Forward Purchase Agreement : Buyer promises
to sell back to the original owner who should buy
it back at a specified price and future date.
CAGAMAS MUDHARABAH BONDS
Introduced on 1 March 1994 by Cagamas
Aim to finance the purchase of Islamic housing
debts from financial institutions that provides
Islamic house financing to the public.
Cagamas purchase the pooled debt on the basis
of Bai’ al-Dayn.
For securitization of the debts : They created
Share the earned profits
according to the ratios
agreed earlier by both
WHEN ISSUES (WI)
When Issues is a Transaction of sale and
purchase of debt securities before the
securities is being issued.
The National Shariah Advisory Council
viewed that the WI transaction is allowed
based on the permissibility to promise for sale
and purchase transactions.
ISLAMIC ACCEPTED BILLS (AB-i)
Objective : Encourage and promote domestic
and foreign trade.
Types of AB-i :
Imports and Local Purchases
Exports and Local Sales
The AB-i is formulated based on the Shariah
AB-i IMPORTS & LOCAL
Financing under : Al-
Customer allowed: A deferred
payment term up to 200 days.
Securitized by : Bill of
Bai’ al-Dayn : if bank decides to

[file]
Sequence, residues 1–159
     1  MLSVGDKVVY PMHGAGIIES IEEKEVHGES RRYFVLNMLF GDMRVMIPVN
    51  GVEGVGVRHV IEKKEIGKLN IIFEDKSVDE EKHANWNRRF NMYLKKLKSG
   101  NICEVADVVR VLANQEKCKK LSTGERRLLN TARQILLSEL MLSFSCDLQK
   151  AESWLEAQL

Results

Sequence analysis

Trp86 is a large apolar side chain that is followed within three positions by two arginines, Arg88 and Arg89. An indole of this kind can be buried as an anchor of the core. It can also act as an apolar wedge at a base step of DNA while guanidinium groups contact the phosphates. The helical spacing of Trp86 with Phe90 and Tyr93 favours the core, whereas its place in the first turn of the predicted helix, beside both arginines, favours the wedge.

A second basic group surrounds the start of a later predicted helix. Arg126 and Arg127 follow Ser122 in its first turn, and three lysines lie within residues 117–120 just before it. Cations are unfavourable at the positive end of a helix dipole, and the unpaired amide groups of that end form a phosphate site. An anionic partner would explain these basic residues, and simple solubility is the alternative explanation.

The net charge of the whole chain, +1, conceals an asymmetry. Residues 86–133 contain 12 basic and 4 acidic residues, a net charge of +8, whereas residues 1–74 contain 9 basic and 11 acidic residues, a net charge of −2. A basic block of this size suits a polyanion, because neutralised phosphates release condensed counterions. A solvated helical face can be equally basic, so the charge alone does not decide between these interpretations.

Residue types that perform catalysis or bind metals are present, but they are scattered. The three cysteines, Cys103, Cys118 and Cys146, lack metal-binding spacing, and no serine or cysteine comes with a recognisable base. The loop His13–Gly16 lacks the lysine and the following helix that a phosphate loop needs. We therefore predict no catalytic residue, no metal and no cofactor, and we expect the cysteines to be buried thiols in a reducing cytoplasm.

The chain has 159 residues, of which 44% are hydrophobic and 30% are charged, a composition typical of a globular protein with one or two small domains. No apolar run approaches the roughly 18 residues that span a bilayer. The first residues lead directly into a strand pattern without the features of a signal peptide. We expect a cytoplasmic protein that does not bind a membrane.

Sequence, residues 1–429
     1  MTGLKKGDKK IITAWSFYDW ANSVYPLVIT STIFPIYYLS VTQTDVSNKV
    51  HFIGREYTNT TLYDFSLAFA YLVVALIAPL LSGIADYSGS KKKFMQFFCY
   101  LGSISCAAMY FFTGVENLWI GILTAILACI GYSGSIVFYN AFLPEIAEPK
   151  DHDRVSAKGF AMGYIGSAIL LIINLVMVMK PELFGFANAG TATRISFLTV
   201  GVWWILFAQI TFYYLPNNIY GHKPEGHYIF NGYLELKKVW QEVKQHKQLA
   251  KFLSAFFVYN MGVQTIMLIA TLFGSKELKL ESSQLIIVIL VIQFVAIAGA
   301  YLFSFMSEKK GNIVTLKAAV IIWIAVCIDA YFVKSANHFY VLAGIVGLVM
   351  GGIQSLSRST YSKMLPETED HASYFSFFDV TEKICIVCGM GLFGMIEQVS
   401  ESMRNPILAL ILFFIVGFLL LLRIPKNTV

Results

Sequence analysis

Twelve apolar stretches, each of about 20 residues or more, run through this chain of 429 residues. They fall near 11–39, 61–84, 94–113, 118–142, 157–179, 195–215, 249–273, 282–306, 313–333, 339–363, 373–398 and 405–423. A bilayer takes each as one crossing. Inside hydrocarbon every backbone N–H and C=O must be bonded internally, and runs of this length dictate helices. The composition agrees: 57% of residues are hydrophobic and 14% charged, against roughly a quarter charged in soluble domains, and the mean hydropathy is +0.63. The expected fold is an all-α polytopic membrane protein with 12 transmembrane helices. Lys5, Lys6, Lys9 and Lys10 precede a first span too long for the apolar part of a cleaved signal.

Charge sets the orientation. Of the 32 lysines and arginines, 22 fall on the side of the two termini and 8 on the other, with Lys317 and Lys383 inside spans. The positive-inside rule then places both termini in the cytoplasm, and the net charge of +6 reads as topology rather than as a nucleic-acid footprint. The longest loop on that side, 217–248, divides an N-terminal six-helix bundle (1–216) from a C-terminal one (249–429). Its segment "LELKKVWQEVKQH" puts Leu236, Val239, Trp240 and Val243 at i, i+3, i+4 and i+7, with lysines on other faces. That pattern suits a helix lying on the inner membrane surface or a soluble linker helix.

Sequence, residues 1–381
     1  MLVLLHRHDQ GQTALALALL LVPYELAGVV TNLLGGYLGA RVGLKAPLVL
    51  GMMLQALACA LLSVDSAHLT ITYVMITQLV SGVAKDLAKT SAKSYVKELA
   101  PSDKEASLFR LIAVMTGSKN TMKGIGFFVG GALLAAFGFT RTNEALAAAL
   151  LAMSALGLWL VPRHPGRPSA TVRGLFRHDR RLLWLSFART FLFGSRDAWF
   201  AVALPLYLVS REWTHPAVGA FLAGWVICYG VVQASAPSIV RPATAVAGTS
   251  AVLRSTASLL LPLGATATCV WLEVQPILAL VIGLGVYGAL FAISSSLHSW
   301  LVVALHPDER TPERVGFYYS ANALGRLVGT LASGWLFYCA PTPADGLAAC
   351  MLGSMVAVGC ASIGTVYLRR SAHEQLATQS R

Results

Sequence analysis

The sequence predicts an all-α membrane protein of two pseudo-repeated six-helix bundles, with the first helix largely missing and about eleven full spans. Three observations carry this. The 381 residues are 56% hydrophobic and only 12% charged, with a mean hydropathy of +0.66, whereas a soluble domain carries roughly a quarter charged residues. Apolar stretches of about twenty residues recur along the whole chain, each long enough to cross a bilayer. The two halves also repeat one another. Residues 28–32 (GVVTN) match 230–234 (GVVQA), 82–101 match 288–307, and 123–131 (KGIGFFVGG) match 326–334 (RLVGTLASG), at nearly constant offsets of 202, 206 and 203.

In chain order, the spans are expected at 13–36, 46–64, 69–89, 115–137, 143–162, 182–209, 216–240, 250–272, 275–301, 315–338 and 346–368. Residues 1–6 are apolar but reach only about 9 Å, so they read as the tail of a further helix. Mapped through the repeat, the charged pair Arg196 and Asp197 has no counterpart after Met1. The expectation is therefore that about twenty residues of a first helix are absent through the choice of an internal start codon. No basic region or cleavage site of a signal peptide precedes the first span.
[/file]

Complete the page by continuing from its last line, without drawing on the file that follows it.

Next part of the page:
sell IAB to the 3rd party.
purchases the goods
from SELLER and pay
on behalf of BANK
Resell goods to the
CUSTOMER at a price
+ profit margin
AB-i EXPORT & LOCAL SALES
Traded under : Bai’ al-Dayn
Sent to the
shall draw from
CB a new bill
of exchange as
bill, this will be
ISLAMIC NEGOTIABLE INSTRUMENTS
The INI covers two instruments such as:-
Islamic Negotiable Instruments of Deposit (INID)
The applicable concept is Al-Mudharabah. It refers to
a sum of money deposited with the Islamic banking
institutions and repayable to the bearer on a
specified future date at the nominal value of INID
plus declared dividend.
Negotiable Islamic Debt Certificate (NIDC)
The transaction involves the sale of banking
institution's assets to the customer at an agreed price
on cash basis. Subsequently the assets is purchased
back from the customer at principal value plus profit
and to be settled at an agreed future date.
ISLAMIC PRIVATE DEBT
Islamic Private Debt Securities (IPDS) has
been introduced in Malaysia since 1990.
At the moment, the IPDS which are
outstanding in the market were issued based
on the Shariah compliant concept of
Bai’ Bithaman Ajil
AR-RAHNU AGREEMENT-i (RA-i)
The Lender will provide a loan to the borrower based on
the concept of Qard al- Hasan.
The borrower will pledge its securities as collateral for the
However, in the event where the borrower fails to
repay the loan on maturity date, the lender has the
right to sell the pledged securities and use the